Amalgam Rx, a new company focusing on digital therapies for chronic diseases, launched Monday with the first FDA-cleared mobile app that automates the titration—or dose—of basal insulin for patients with Type 2 diabetes.
The prescription-only app, iSage Rx, is designed for patients who don’t use mealtime insulin or an insulin pump, the company said in a statement. It allows physicians to choose from a range of clinically validated basal insulin algorithms and adapt them for individual patients.
In addition to automating insulin titration, the app also includes behavioral, clinical and educational support for patients who are self-administering insulin. This includes supportive messages, video content on how to administer insulin and details on what to expect after being on insulin for certain periods of time, said founder and CEO Ryan Sysko.
Amalgam is recruiting for a proof-of-concept study in which 30 patients will use the app for 90 days, Sysko said. It will follow the change in patients’ glucose control in a bid to show how a completely automated titration app can support a patient on insulin.
Pharma companies are starting to realize the need to move beyond the pill, Sysko said. The industry is moving from a “pay-for-widget to a pay-for-outcomes model,” he said, and the only way to do this is to change the way care is delivered.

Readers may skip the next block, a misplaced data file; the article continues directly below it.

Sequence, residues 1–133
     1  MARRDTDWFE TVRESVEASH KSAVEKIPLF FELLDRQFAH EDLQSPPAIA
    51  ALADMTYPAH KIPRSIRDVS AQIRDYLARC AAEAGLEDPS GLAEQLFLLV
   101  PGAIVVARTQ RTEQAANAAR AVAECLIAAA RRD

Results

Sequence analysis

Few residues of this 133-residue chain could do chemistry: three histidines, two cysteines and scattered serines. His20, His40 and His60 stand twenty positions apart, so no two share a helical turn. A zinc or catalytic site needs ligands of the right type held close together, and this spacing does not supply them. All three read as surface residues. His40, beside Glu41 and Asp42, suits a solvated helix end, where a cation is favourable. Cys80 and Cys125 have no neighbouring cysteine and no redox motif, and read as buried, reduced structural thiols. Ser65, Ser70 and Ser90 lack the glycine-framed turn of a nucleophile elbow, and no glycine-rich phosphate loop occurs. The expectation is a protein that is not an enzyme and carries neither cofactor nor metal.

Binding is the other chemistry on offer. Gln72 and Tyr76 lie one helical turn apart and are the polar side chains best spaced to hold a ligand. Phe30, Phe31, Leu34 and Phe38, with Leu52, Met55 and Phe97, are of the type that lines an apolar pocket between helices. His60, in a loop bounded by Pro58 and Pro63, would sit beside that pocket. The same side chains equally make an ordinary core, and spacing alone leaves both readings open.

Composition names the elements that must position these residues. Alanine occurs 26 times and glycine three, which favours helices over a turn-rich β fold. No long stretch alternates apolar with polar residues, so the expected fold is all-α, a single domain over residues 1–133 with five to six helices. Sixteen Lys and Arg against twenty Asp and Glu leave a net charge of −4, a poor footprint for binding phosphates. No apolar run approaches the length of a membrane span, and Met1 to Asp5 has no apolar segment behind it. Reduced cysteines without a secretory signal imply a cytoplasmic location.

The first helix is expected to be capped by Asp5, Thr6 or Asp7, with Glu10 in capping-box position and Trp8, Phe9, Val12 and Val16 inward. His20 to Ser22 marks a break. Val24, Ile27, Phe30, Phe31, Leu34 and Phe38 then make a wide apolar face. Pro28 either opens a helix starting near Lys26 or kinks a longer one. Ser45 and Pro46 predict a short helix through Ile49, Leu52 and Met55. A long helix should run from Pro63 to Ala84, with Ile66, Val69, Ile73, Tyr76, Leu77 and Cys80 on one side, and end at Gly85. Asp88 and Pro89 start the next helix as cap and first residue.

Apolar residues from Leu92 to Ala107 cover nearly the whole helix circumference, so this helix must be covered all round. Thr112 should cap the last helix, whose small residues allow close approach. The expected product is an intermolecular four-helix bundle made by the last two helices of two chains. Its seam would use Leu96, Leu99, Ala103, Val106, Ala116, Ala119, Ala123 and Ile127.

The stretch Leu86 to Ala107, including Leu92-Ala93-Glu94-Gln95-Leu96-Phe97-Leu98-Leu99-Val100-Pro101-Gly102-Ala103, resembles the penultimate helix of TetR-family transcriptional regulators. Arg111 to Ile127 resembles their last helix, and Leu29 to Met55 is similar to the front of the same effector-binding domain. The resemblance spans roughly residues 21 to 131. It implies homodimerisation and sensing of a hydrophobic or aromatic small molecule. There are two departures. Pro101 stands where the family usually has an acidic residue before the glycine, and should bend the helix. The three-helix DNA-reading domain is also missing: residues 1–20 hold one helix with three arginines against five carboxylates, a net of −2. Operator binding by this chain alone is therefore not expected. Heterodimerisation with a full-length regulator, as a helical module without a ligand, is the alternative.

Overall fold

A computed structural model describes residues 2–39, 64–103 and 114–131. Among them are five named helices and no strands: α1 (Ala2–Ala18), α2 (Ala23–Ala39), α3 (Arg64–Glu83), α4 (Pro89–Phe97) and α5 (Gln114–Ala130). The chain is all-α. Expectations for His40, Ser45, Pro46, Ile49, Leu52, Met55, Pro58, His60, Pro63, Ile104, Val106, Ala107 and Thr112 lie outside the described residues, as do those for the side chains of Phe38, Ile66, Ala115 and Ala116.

“People living with a chronic disease make a multitude of seemingly minor decisions every day that have a major impact on their condition," said founder and Chief Medical Officer Suzanne Clough in the statement.
“For healthcare providers, technology that makes patients’ self-management easier is the only way that we can scale to meet the growing need while also improving outcomes and reducing costs,” she said.
This isn’t Sysko and Clough’s first rodeo: The pair founded WellDoc, which markets the BlueStar app, a prescription-only diabetes management platform. And although Amalgam’s current focus is diabetes, the company plans to partner with life science and pharma companies on digital therapies for other chronic diseases.
And though Amalgam has launched its own titration app, the company is gearing up to create a “titration engine” that pharma partners may integrate into their own apps to support patients using their brands of insulin. To that end, the company has developed software development kits and application program interfaces.
“While we have developed an application or interface to test the efficacy of iSage, our ultimate goal is to provide insulin titration as a service,” Sysko said. “We want to enable the companies that are creating the operating systems for diabetes to easily integrate insulin titration.”